Figure 3: Distribution of daily interactions[13] (dots), along with best fit log normal distribution (solid line; ) and Pennsylvania fit (dashed line; )

Validation of the model was performed by showing that given these parameters the model reproduces the rate of spread in real world conditions. For our case we compared the output of the model with the early days of the outbreak in Pennsylvania. Using the initial phase of the outbreak eliminates several confounding factors such as the prevalence of mask usage, and changes in interaction behavior.

Figure 4: Infection growth for the first 20 days of the COVID-19 outbreak in Pennsylvania along with the results of simulation from SimAEN without any active interventions

As can be seen in 4 the parameter set shown in 3 produces infection curves which match the real life data as observed in Pennsylvania. The use of a mean interaction parameter lower than the best fit curve for [13] ( vs. ) is justified on the following bases:

  • The counts from [13] are not unique interactions. Since most people interact with their family and coworkers regularly we would anticipate a lower mean number of unique contacts

  • The Pennsylvania case counts are for the entire state which includes many rural areas which may have significantly lower numbers of interactions than those found in the more urban study

  • Due to the high number of asymptomatic cases, the number of reported cases is likely much lower than the true number of cases

  • The first cases in Pennsylvania (March 10, 2020) were several months after reports from Wuhan (January 2020), which may have prompted changes in behavior of the population

The second stage of validation was against an analytic exploration of Massachusetts numbers based on fractions derived from a variety of sources. These are seen in Figure 5, showing that the behavior of the simulation across a wide range of measures is close to the analytic values.

Figure 5: Comparison of SimAEN results and the analytic Massachusetts results

To create 5

the simulation parameters were set to observed and published values and run 20 times, each with a different random seed. The results of these runs are shown in grey. The daily mean across these runs is shown as the solid black line. One standard deviation is denoted with dashed black lines. Averaging the daily means produces the overall mean which is shown in cyan. Finally, the analytic result is the solid red line. We see good agreement between the cyan (average simulation) and red (analytic) lines, indicating that the implementation is consistent with what is observed from end to end.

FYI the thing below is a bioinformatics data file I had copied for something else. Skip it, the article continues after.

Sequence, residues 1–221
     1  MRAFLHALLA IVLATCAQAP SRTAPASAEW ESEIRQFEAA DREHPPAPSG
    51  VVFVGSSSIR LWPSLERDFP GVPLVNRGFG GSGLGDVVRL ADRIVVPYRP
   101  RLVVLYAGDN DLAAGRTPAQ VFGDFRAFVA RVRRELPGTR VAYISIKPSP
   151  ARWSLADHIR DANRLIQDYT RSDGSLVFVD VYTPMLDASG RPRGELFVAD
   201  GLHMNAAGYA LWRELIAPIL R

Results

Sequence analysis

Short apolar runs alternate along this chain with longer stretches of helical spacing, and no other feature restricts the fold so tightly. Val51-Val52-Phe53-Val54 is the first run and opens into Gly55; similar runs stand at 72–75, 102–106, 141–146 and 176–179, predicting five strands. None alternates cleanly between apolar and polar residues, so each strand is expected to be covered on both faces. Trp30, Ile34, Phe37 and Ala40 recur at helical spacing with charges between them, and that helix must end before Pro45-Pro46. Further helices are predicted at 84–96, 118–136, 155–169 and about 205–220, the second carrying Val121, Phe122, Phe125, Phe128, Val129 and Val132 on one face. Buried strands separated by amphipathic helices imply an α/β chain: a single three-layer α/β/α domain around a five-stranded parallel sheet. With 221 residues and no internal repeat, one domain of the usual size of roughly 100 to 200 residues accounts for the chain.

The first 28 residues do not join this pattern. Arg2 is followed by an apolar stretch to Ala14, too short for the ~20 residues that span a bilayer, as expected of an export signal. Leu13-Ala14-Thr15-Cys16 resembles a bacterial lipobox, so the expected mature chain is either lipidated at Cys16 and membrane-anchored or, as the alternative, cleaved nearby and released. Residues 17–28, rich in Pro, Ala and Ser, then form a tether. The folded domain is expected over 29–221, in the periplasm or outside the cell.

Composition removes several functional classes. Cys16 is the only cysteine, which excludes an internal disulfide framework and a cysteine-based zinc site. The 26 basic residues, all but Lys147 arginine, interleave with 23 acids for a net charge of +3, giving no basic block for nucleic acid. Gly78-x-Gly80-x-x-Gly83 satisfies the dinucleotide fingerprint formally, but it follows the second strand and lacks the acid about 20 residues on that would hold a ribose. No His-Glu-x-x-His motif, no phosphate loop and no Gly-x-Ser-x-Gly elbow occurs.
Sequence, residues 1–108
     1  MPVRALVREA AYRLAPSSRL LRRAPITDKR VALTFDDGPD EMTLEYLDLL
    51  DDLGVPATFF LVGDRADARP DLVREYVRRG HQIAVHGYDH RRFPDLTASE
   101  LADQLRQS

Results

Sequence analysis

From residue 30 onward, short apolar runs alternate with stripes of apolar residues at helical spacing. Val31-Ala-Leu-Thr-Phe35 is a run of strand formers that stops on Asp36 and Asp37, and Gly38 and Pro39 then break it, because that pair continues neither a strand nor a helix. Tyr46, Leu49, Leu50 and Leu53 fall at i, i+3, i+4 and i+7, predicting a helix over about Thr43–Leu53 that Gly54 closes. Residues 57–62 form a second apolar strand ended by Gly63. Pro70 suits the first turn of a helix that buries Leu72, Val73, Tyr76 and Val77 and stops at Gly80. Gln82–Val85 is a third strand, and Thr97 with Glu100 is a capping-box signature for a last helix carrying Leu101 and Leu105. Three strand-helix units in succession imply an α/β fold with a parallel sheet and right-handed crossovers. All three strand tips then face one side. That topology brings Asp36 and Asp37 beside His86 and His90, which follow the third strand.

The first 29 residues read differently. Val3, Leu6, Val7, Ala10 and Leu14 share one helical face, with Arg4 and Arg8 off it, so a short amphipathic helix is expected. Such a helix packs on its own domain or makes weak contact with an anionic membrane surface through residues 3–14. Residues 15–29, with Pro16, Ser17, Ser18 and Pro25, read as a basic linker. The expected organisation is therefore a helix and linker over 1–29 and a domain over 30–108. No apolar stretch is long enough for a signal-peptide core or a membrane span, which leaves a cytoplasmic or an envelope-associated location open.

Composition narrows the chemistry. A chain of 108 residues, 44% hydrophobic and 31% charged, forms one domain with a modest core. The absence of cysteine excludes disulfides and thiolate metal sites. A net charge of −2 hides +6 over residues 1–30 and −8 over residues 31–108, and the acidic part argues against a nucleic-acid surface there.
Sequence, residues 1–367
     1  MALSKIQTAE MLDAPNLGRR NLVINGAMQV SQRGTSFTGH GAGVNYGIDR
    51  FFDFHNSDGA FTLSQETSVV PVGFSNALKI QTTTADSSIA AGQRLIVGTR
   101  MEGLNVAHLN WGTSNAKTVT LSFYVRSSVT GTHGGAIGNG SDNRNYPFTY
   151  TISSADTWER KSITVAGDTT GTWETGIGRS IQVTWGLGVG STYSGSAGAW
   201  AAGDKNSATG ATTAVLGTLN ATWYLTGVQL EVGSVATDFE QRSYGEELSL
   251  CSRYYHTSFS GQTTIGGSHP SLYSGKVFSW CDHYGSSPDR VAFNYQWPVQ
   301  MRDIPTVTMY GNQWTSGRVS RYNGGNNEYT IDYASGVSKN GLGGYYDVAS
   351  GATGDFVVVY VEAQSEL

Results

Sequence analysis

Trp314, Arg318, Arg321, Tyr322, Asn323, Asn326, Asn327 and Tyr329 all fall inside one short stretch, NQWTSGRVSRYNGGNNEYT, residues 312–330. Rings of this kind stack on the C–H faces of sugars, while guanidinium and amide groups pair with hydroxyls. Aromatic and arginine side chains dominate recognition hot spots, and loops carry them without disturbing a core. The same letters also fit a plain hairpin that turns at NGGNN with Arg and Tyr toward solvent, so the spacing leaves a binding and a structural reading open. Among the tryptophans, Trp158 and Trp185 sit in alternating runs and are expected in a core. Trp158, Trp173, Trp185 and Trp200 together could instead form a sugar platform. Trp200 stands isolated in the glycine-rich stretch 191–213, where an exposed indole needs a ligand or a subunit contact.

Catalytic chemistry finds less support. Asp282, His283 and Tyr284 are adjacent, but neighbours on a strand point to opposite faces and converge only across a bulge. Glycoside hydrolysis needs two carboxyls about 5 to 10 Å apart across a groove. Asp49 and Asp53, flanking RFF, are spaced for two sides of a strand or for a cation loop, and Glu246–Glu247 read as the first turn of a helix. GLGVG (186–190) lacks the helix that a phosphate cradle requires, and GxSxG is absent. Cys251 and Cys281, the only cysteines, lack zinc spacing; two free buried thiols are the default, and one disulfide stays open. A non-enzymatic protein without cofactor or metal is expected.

For AEN our parameters (probability of one phone detecting another, and the rate of individuals outside of too close for too long receiving an alert) are based on the experimentation done and processed through BLEMUR.

All other parameters are personal behavior choices which serve as free variables for exploration. This is where SimAEN permits public health to understand the effects of their choices and guide their decision making process.

4.3 Scope

The intention of this model is to provide public health officials with the ability to understand the effects of the actions that they have at their disposal. In order to accommodate a large range of potential input parameter values it was critical that the model be optimized for fast execution. To accomplish this we sacrificed some fidelity of the actual spread of the disease, instead focusing on ensuring that the infection rate is properly affected by the public health controllable parameters. The speed gained by not incorporating factors such as mobility data or interaction topology allows the model to be executed numerous times to build up a statistical understanding of the range of potential outputs and to explore more of the space.

This model is also intended for long term understanding, not near term high accuracy estimates of cases or deaths. Assumptions about the predictability or at least stability of population mobility may be reasonable for a 2 week horizon, but decisions made by public health are typically intended to be carried out on the order of months. Decisions about the hiring of contact tracing personnel or the setting of AEN weights are not going to change in response to small fluctuations in infection rate.